Grow Canada's EXPORTS, grow Canada's RESILIENCE.

It’s time for a trade diversification office in the Indo-Pacific.


The Indo-Pacific region represents a significant opportunity for Canada to diversify its agricultural exports while positively impacting global food security. To achieve this outcome, Canada’s major value chain agriculture industry associations have developed a robust business case for the establishment of a Canadian trade diversification office in the Indo-Pacific region.

Roughly half of Canada's non-durum wheat is exported to Asia.

75% of Canada's lentil and pea exports are destined for Asian markets annually.

Today, more than 40% of Canada's canola seed, oil and meal exports are currently bound for the Indo-Pacific.

Download the executive summary

Read our report on why this burgeoning region needs a greater Canadian presence.


The COVID-19 pandemic has brought global food security and supply-chain issues to the forefront. At the same time, the Government of Canada is developing an Indo-Pacific Strategy that aims to diversify Canada’s export markets, and help ensure that our competitiveness is well insulated against unforeseen market disruptions.

The Indo-Pacific is an important and fast-growing export region for agricultural commodities but protectionist trends will continue to present barriers to Canada’s ability to access Indo-Pacific markets.

By establishing an Indo-Pacific Diversification Office that strengthens engagement on market access issues, Canada can enhance the role played by Canadian agriculture exports as a supplier of safe, sustainable, and high-quality foods into this region. This will enhance our contributions to food security in the region while driving economic opportunities for Canadian farmers and exporters. To realize these benefits, the Government of Canada should establish a multi-disciplinary team based in the region with a mandate to address and resolve existing and emerging market access issues.

"The Indo-Pacific Diversification Office will support solutions and proactive efforts needed to increase market access and expanded trade into this important region."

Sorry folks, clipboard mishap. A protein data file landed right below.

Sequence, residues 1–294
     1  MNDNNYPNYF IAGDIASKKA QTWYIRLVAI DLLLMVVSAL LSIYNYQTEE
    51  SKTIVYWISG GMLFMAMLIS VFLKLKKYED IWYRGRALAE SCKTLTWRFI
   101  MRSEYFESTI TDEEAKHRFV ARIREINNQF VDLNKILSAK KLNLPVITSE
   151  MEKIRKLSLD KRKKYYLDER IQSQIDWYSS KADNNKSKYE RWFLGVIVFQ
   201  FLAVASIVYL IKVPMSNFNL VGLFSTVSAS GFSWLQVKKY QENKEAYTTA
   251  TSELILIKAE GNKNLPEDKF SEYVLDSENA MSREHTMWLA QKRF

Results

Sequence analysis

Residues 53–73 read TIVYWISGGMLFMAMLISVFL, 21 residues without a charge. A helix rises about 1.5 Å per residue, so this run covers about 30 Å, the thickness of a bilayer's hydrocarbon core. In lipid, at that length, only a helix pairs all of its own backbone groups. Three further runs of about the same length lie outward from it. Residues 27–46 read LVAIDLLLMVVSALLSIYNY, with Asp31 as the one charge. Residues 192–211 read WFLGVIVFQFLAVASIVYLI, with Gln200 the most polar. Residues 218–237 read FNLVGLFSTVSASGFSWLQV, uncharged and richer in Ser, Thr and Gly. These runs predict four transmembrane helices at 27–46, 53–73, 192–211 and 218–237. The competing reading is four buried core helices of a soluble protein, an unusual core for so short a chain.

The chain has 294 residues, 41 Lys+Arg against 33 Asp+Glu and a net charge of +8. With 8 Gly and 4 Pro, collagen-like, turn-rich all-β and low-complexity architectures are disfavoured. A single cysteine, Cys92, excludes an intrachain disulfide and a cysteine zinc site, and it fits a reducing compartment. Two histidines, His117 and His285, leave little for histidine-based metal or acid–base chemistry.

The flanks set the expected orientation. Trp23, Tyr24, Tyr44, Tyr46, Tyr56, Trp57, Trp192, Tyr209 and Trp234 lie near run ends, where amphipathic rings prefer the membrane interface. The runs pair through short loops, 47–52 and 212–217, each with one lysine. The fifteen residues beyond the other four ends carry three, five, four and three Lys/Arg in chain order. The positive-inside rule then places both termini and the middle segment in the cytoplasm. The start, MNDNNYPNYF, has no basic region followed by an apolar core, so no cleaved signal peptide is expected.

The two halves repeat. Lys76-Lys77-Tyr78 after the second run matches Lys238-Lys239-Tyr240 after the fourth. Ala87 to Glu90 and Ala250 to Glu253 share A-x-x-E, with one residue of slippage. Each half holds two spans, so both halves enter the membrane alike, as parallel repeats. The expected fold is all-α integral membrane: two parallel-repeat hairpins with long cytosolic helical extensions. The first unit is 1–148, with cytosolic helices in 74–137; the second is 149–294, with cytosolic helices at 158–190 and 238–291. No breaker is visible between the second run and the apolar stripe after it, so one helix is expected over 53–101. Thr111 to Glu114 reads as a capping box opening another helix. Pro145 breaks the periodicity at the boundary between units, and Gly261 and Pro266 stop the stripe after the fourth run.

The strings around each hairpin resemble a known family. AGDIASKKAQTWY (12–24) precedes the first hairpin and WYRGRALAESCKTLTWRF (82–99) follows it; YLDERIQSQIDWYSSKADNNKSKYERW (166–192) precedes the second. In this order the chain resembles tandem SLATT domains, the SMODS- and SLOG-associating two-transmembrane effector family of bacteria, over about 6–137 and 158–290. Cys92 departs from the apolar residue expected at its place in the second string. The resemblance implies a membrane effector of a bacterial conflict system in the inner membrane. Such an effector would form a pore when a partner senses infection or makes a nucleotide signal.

This new trade diversification office will:

  • Create an in-region centre of excellence that positions Canada as a trusted knowledge partner to key markets in the Indo-Pacific.
  • Allow a dedicated and resourced market access team to maintain regular contact with agriculture policy makers and regulators in the Indo-Pacific.
  • Provide rapid response and proactive action towards addressing market access barriers.
  • Ensure Canada is at the leading edge of emerging trends in the region while facilitating communication with foreign officials.
  • Create the condition for more frequent interactions with regulators in importing countries and leverage experts to support building technical capacity regionally and championing science-based regulatory approaches.
  • Deliver a common, timely voice for Canada and a coordinated response to market access and trade issues by coordinating between various levels of government and industry which currently have offices and staff in the region.

Led by experienced market access officers with a focus on engaging in the region quickly and proactively, it should include:

  • Technical personnel (plant science, plant pathology, veterinarians) to prevent and address  market access issues arising from sanitary and phytosanitary measures;
  • Regulatory policy experts who can assist in building capacity regionally and championing science-based regulatory approaches in key export markets; and
  • Agriculture and trade policy personnel.


Canada needs a stronger presence in the Indo Pacific.

The Canola Council of Canada, Cereals Canada, and Pulse Canada represent the largest crop value chains in Canadian agriculture, representing over $45 billion in economic activity annually, supporting over 250,000 jobs, and accounting for over 77% of all principal field crop production in Canada.